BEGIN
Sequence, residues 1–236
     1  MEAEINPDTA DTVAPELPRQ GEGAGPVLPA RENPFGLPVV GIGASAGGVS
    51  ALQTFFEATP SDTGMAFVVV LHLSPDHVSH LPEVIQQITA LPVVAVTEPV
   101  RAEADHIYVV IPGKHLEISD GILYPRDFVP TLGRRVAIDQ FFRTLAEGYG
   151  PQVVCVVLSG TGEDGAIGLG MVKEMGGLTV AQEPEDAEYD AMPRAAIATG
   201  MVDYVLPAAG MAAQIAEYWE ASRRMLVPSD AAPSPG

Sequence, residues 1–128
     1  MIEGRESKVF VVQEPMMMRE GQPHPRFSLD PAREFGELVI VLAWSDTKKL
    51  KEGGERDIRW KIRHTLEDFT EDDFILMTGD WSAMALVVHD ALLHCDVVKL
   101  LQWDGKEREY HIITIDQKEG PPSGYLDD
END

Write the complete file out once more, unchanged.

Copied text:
Sequence, residues 1–236
     1  MEAEINPDTA DTVAPELPRQ GEGAGPVLPA RENPFGLPVV GIGASAGGVS
    51  ALQTFFEATP SDTGMAFVVV LHLSPDHVSH LPEVIQQITA LPVVAVTEPV
   101  RAEADHIYVV IPGKHLEISD GILYPRDFVP TLGRRVAIDQ FFRTLAEGYG
   151  PQVVCVVLSG TGEDGAIGLG MVKEMGGLTV AQEPEDAEYD AMPRAAIATG
   201  MVDYVLPAAG MAAQIAEYWE ASRRMLVPSD AAPSPG

Sequence, residues 1–128
     1  MIEGRESKVF VVQEPMMMRE GQPHPRFSLD PAREFGELVI VLAWSDTKKL
    51  KEGGERDIRW KIRHTLEDFT EDDFILMTGD WSAMALVVHD ALLHCDVVKL
   101  LQWDGKEREY HIITIDQKEG PPSGYLDD